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State DOJ releases investigation into shooting of Ricardo Hylton by Wilmington police

Delaware Public Media

For the second time this month, the Division of Civil Rights and Public Trust has concluded police officers were justified in fatally shooting an armed civilian. 

The Delaware Department of Justice released the results of its latest police use of force investigation earlier this week. 

Wilmington Police Department officers Keith Johnson and Angeline DiFebo shot 35-year-old Ricardo Hylton several times last August. Both officers and multiple witnesses told investigators they saw Hylton raise a gun toward the officers just before he was shot.  

The officers said they feared for their safety and the safety of nearby pedestrians, which justifies their use of force under state law.

The state’s investigation determined the officers’ fear was objectively reasonable. Delaware Attorney General Kathy Jennings has criticizedthe state use of force standard as too lenient to officers and too subjective. She has said she wants it changed so that officers must prove their use of force was actually necessary.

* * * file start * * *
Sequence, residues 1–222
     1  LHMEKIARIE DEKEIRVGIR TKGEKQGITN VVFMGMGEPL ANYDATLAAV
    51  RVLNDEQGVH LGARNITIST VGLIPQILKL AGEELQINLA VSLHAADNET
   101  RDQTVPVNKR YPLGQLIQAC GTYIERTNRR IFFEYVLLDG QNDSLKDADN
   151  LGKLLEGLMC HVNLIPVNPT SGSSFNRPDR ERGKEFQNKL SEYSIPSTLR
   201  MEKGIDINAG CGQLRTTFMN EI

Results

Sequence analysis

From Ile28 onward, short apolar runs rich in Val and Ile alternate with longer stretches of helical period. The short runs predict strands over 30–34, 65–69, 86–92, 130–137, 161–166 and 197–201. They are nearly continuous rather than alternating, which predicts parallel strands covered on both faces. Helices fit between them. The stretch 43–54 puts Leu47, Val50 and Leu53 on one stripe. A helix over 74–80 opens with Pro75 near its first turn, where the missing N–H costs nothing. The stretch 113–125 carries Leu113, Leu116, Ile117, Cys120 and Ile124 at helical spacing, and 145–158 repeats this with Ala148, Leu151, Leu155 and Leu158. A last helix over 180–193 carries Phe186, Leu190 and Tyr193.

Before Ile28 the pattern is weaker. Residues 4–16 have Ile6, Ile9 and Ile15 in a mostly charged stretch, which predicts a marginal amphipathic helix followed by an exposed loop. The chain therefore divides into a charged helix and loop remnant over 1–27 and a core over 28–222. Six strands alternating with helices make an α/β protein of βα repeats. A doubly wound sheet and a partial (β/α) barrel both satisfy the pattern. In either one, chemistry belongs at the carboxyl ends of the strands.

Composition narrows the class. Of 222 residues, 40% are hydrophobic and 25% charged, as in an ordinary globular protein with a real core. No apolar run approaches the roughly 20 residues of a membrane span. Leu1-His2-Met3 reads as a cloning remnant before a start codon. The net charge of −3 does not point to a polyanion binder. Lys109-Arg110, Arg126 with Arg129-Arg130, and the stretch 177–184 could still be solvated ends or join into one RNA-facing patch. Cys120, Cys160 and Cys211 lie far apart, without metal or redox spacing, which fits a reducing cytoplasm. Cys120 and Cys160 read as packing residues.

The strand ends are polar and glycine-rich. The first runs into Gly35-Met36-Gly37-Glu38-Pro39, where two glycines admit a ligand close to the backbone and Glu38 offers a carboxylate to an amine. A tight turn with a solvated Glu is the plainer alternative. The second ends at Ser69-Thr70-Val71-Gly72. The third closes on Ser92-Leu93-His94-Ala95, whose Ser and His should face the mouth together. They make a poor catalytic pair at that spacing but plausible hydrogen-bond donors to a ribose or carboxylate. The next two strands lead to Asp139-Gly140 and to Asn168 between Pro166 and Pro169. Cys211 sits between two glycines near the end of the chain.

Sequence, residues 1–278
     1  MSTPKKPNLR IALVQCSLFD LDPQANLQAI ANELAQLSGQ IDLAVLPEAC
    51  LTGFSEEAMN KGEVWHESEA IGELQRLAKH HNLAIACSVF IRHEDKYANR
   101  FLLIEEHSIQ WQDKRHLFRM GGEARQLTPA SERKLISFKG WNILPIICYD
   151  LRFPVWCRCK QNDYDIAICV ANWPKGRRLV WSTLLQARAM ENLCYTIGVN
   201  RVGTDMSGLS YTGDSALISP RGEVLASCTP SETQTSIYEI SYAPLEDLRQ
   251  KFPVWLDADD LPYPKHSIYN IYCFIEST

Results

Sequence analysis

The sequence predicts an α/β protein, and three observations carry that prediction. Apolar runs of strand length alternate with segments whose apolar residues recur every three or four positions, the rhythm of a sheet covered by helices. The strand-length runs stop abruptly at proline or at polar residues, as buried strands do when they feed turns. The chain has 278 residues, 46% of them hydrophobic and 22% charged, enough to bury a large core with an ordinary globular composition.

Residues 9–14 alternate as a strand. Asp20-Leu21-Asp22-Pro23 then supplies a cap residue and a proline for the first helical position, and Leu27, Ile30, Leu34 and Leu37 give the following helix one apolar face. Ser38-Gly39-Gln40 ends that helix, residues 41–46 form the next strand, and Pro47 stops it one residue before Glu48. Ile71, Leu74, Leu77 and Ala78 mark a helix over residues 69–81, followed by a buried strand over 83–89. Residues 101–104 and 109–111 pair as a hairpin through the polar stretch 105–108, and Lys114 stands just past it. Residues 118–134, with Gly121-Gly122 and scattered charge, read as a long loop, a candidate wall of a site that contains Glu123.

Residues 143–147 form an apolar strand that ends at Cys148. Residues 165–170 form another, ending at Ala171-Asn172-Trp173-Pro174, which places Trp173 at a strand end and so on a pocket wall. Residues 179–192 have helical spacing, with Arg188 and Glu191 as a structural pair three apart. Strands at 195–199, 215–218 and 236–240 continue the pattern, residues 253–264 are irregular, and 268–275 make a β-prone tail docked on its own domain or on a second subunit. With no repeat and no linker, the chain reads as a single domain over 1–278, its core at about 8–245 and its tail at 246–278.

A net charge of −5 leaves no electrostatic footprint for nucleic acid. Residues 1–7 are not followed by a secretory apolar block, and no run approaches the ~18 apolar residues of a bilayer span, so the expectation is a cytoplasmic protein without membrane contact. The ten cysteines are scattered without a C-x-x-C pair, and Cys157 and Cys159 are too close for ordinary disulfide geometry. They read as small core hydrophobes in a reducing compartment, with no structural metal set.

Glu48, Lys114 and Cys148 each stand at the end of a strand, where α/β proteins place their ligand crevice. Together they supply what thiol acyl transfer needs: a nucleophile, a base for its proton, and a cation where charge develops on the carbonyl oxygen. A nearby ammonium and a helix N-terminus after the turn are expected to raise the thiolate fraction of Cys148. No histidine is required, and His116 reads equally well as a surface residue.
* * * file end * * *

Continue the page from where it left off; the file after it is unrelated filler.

No body camera footage of the Hylton shooting was available, because Wilmington police do not wear body cameras. This has long drawn criticism from advocates, elected officials and city residents—including Hylton’s fiancee, Aisha Jones. 

After protests late this spring, Wilmington Mayor Mike Purzycki committed to finding money in the budget to fund a body camera program “without delay.” 

The program has yet to be rolled out, and its timeline remains uncertain. The Wilmington Police Department has a federal grant application pending to fund part of the program.


Sophia Schmidt is a Delaware native. She comes to Delaware Public Media from NPR’s Weekend Edition in Washington, DC, where she produced arts, politics, science and culture interviews. She previously wrote about education and environment for The Berkshire Eagle in Pittsfield, MA. She graduated from Williams College, where she studied environmental policy and biology, and covered environmental events and local renewable energy for the college paper.
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